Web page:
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Harvard Management Company (Hmc)

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1) The Role and Structure of Endowment: As of June 2000, the endowment managed by HMC totaled approximately $18.2 billion. The annual spending from the endowment represented approximately 27% of the total budget of the university. In fiscal year 2000, total endowment spending by the schools was $556 million (or 4% of the value of the fund at the end of previous fiscal year). Each year the University's operational governing body considers the overall financial situation of the University and decides the dividend amount to schools.

* The Average Spending Ratio from the Endowment is 4.6% (low 3.3% and high 5.6%)

* Desired Real Return for the Endowment is 6-6.5%.

* Annual Gifts to endowment is 1.5 % of the fund.

Asset Allocation Policy: Policy Portfolio is constructed by the management and then approved by the Board. Policy Portfolio is constructed according to long-term return and risk assumptions. However, portfolio managers have got flexibility in the short term to decide the asset allocation.

Risk Control: Risk Control was being made by stress testing method.

The Optimal Portfolio Allocation: HMC uses optimal portfolio allocation while constructing their portfolios. They are trying to find the best combination of risky assets to be mixed with safe assets to form the complete portfolio. The advantages of this approach for HMC are:

* It is based on the real return (relative to CPI), risk (standard deviations), and correlations of twelve assets.

* It uses an optimization algorithm which specifies the "efficient frontier" of possible asset combinations according to set of portfolios that would provide the maximum expected return for a given level of risk.

* It includes some untraditional asset classes which could give better return than the traditional ones.

Besides the advantages of this approach there are also some disadvantages which are:

* It is very tied to the current portfolio, allowing only plus or minus 10% deviation.

* HMC made assumptions on 12 asset classes in order to build the portfolio and thus no one would feel confident about all of the assumptions. Since your results will change for the optimal portfolio allocation depending on the model inputs, the estimates of the HMC staff must be reliable and accurate.

* The traditional risk-minimizing attitude of HMC could not be valid in the coming years, because expenses had increased dramatically.

2) HMC develops its capital market assumptions based on historical data from the last 10 years (on a quarterly basis). They rely on the SD of the market and forecast their own return assumption taking into consideration volatility and inflation rate as well.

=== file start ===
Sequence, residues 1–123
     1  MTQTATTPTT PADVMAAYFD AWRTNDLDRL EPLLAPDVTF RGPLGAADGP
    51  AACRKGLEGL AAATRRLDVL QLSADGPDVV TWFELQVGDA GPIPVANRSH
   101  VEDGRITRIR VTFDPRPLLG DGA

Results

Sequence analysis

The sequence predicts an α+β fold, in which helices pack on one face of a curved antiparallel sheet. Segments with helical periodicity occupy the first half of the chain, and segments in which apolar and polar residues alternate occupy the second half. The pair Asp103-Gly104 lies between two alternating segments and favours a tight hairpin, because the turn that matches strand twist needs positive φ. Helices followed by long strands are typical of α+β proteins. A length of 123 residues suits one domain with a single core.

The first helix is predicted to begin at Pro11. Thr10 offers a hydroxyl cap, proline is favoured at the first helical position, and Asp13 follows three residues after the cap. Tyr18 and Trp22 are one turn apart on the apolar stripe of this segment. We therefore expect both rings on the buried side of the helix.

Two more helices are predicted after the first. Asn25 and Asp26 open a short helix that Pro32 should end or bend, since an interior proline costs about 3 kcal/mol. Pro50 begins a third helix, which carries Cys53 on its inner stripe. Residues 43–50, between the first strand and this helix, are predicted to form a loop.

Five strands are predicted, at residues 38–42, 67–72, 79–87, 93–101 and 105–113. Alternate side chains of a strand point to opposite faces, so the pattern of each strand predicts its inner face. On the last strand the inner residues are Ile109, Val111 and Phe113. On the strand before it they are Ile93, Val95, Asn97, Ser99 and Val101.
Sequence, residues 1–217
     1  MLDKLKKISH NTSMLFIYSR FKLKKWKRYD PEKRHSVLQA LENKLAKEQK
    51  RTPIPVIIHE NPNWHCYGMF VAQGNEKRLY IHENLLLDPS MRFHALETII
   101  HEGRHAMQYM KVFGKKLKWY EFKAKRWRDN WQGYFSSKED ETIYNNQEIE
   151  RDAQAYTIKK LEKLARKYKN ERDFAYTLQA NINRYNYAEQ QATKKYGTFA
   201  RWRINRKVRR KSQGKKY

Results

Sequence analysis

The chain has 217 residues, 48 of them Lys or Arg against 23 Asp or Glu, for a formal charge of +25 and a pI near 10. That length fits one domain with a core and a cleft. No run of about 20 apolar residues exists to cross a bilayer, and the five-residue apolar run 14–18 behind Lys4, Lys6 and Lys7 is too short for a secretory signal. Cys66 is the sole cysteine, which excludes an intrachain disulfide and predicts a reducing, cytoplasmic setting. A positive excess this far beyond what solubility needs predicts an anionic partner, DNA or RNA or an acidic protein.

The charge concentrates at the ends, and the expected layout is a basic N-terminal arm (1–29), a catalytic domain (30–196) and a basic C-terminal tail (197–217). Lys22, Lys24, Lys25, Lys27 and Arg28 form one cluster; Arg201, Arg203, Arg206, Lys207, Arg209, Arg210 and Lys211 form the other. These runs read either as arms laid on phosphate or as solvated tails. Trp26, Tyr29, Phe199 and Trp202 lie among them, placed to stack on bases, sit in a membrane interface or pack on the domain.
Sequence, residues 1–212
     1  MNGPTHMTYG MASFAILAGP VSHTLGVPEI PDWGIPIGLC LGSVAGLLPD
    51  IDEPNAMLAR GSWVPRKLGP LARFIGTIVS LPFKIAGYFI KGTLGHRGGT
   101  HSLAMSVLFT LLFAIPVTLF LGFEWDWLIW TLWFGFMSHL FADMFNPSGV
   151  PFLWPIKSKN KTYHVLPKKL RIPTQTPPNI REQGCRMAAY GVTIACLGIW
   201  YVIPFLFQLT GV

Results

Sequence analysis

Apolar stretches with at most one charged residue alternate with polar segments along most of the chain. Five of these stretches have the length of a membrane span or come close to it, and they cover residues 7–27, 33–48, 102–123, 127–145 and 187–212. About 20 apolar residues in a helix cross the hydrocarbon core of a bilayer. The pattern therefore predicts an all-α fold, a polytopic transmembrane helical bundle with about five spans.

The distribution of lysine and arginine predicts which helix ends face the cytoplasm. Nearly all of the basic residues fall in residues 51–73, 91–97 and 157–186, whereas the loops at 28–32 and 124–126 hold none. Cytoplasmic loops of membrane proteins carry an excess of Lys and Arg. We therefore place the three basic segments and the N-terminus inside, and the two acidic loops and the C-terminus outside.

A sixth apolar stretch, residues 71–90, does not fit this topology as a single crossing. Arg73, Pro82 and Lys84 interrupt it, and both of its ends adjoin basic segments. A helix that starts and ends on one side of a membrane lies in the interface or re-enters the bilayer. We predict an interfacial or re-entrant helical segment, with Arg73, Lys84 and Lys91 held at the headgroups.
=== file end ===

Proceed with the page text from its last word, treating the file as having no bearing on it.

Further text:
They focus on real return to see the picture. Also, regarding U.S. and foreign equity their expectations about the market return in the future is lower than their historical averages. But for commodities and emerging markets they expect higher returns for the future than the averages. These expectations are mostly depend on the macroeconomic estimates.

a. Harvard's estimates make sense, because they are forecasting the behavior of the market from their traditionally conservative point of view. They develop their strategy based on the regression equation of the Single-Index Model which takes into consideration not only the historical data but also the future expectation of the market.

3) By adding TIPS, HMC can reduce risk on the portfolio return because the goal of the HMC to ensure a consistent real return. According to this goal, since TIPS are issued by U.S. Treasury and assumed that there is no default risk, by definition TIPS become risk-free assets. Another advantage of TIPS is that they are exempt from state and local taxes. Furthermore, other institutions similar to HMC have already realized that it is worthy to include TIPS in their portfolio.

4) To obtain Exhibit 12 we have copied the data from Exhibit 11 and calculated Mean, Variance, Standard Deviation and Sharpe Ratio. It is important to mention that we restrained all the asset classes by their lower level (greater than 0 for all except Cash, that should be grater than -50%). Then, to generate the efficient frontier we have generated 29 different portfolios by constraining the mean in steps of .25%, as can be seen in Annex 1.

The tangency portfolio was obtained by removing the constraint in the mean.

Finally, the risk-free rate was considered 3.6% in accordance with the information from TIPS.

5) Now we constraint the entire asset classes by their lower and higher permitted values (according to Exhibit 13). We created 9 portfolios, as can be seen in Graph 1.

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